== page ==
...Virtues al Affiliation: Integrity Integrity is defined as staying honest and having strong moral principles (OxfordDictionaries, 2015). For instance using the turn signal lights in a car. I make it a personal choice to use turn signals when turning off an empty road or in a parking lot. I strive to promise what I can deliver. This has made it easier for me to say no to what I cannot do and in turn my integrity is nourished. Honesty Honesty is the quality of being clear of deceit, truthful and sincere (Oxford Dictionaries, 2015). Personally, I find telling and acting sincerely to be easier than the alternative. I always respond with truth because I do not have to recall what I said if asked again. Work Ethic Work...
3 Pages(750 words)Essay

The Relativity of Virtues

...The Relativity of Virtues In the Circles, Emerson links morality with his metaphysics of process. He theorizes that life has a higher purpose that is to pass into higher forms. The goal of a higher life is final; however the forms of human life including morality are ‘initial’ (159). The term virtue often denotes moral excellence or righteousness and entails behavior of high moral standing. Contrarily, vices refer to behaviors that are deemed immoral or evil. According to Emerson, the term virtue refers to a trait of character that allows us to be or act in a more perfected fashion. On the other hand, vices are ‘forms of old age’ that we cast away so as to conform to society’s definition...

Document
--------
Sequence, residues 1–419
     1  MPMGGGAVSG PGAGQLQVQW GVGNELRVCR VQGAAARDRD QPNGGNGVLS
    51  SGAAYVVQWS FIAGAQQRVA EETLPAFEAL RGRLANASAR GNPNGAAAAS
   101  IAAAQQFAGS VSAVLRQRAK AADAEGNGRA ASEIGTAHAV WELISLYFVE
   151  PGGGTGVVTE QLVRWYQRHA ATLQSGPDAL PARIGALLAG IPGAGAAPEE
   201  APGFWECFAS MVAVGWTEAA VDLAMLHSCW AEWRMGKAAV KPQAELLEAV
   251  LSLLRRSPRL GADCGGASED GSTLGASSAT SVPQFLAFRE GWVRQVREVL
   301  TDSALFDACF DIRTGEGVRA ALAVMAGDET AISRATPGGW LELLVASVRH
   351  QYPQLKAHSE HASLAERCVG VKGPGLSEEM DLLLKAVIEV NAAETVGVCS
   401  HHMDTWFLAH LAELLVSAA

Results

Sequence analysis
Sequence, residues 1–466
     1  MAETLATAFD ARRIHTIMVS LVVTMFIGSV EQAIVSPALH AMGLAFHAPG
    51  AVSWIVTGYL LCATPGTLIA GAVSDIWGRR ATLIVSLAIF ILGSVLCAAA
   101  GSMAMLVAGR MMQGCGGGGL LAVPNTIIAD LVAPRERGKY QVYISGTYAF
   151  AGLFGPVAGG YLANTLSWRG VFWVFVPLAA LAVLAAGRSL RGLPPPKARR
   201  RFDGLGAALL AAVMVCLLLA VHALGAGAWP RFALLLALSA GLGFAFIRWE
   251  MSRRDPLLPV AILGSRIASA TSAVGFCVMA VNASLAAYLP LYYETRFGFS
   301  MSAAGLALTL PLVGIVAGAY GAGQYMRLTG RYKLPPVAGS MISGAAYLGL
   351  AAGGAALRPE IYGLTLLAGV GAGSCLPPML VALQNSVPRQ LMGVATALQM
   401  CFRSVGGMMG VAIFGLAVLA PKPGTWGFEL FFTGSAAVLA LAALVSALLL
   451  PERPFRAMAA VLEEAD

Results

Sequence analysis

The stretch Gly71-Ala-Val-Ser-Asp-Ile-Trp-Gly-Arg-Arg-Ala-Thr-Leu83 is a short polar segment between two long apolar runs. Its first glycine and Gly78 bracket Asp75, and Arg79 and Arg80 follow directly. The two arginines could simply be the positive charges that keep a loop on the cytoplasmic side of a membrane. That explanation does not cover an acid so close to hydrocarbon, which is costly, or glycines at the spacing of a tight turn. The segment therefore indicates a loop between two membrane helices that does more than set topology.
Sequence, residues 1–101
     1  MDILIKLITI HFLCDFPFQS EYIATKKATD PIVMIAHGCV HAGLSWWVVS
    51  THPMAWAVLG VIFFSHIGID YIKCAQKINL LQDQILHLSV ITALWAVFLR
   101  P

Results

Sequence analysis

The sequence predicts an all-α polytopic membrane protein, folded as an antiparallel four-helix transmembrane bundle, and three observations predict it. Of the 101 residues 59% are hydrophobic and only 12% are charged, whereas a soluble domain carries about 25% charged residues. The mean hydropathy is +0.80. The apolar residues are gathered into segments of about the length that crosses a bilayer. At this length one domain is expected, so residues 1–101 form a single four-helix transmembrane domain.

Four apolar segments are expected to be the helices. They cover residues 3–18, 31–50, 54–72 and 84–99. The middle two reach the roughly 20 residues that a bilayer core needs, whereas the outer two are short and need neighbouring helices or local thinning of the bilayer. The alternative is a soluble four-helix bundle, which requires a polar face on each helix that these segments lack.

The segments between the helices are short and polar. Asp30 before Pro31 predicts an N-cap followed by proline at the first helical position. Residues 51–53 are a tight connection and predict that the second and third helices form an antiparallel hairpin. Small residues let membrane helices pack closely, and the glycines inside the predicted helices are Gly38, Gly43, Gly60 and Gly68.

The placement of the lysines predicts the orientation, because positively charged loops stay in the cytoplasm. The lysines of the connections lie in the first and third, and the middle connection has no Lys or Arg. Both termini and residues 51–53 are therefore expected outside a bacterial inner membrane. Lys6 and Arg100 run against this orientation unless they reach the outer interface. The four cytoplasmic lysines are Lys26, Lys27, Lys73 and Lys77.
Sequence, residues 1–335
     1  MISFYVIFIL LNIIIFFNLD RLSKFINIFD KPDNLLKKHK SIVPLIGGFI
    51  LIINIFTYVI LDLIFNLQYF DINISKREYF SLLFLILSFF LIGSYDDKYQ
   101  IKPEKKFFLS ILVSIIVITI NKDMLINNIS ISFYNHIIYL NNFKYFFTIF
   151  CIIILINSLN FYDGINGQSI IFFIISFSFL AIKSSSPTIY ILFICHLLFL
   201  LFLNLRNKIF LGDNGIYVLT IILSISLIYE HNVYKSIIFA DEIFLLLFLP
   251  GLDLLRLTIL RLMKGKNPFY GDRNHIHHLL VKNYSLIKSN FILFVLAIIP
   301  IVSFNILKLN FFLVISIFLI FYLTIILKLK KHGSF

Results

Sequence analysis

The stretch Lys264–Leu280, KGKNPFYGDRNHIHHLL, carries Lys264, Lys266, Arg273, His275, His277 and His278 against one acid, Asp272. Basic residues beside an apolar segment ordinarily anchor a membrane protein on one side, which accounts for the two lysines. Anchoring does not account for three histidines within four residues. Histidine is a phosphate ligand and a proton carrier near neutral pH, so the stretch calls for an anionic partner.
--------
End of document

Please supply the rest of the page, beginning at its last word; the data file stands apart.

2 Pages(500 words)Essay

Traditional Roman Republic Virtues versus Christian Virtues

...Traditional Roman Republic Virtues versus Christian Virtues Two primary sources showcase female martyrs because of how they fought for their faith and virtues. “The Martyrdom of Saints Perpetua and Felicitas” shows an excerpt of the prison diary of a young Christian woman, Perpetua, who died as a martyr in Carthage in 202 or 203 CE, along with several other martyrs.1 The next text is Livy’s “The Rape of Lucretia,” from the History of Rome,2 which narrates how the King of Rome, Lucius Tarquinius Superbus’s son, Sextus Tarquinius, raped the virtuous Roman matron, Lucretia. The text shows that the developing Christian tradition values women and men as virtuous when they embrace suffering for...
4 Pages(1000 words)Essay
sponsored ads
We use cookies to create the best experience for you. Keep on browsing if you are OK with that, or find out how to manage cookies.

Let us find you another Case Study on topic Virtues of the Mind by Zagzebski for FREE!

Contact Us